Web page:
13


Table of Contents

transaction with affiliated shareholders to be approved by disinterested directors. Needham & Company reviewed with the Disinterested Directors its financial analysis regarding the proposed transactions and rendered its oral opinion (subsequently confirmed in writing and attached hereto as Annex C) to the effect that, as of such date and based upon and subject to the factors, procedures, assumptions, qualifications and limitations set forth in the opinion, the $28.50 per Share in cash to be received by the holders of Shares (other than shareholders subject to Support Agreements) is fair, from a financial point of view, to such holders. After discussion regarding the terms of the transaction and the proposed arrangements between Parent, on the one hand, and certain members of the Company’s management and Messrs. Morse and O’Block, on the other hand, the Disinterested Directors unanimously assented to and voted in favor of the approval of the Merger Agreement and the transactions contemplated by the Merger Agreement, including the Tender Offer and the Merger, and approve the arrangements whereby these individuals would invest in the equity of the post-acquisition Company and the proposed employment arrangements with senior management.
 
The full Board then reconvened and the Disinterested Directors reported on their separate meeting and their conclusions. After additional discussion, the members of the Board unanimously resolved to approve the Merger Agreement and the transactions contemplated by the Merger Agreement, including the Tender Offer and the Merger.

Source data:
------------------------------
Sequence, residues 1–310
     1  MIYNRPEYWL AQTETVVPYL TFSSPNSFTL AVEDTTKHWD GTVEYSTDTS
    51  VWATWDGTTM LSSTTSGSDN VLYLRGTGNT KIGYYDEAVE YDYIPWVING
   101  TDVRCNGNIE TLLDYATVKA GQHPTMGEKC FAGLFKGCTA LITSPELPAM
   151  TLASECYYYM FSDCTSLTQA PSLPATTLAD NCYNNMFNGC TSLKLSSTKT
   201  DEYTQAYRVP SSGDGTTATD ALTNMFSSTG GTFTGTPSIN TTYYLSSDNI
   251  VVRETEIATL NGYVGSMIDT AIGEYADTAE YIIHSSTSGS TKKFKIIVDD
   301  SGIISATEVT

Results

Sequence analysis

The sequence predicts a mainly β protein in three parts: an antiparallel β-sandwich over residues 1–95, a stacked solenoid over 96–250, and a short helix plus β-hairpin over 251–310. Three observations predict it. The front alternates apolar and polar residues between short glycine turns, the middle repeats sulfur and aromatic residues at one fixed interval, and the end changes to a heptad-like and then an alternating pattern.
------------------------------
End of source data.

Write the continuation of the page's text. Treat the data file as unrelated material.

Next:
Following the Board meeting, the parties and their respective counsel finalized and the parties executed the definitive transaction documents. Bankrate and Apax then issued a joint press release announcing the transaction.
 
(c)   Alternatives Considered by the Board and the Support Executives
 
As discussed above, the Board, including Messrs. Morse, O’Block and Evans, as well as Mr. DiMaria, considered at various times other alternatives, including approaching other potential acquirors and continuing to execute the Company’s business plan as a standalone entity. The remaining Support Executives were not involved in the consideration of alternatives to the Offer and the Merger.
 
Approaches to other potential acquirors (other than Apax and Party A) were considered several times, including in April 2009 and on June 23, 2009. After consultation with Allen, the Company determined that approaching such parties was unlikely to generate serious offers given the lack of interest of strategic parties and the levels of interest and engagement history of financial sponsors in the past, and therefore did not justify the disruption and business risks that would result from such a process, or the risk of sharing confidential and sensitive information with such parties. As time went by and the outlook for the Company continued to deteriorate, it also became less likely that a third party would be able to present an offer superior to Apax’s and enter into definitive agreements before the upcoming announcement of the Company’s second-quarter earnings, which were expected to reflect further deterioration in the Company’s results of operations. In addition, the Company’s approach to Party A failed to result in any firm offer or proposal.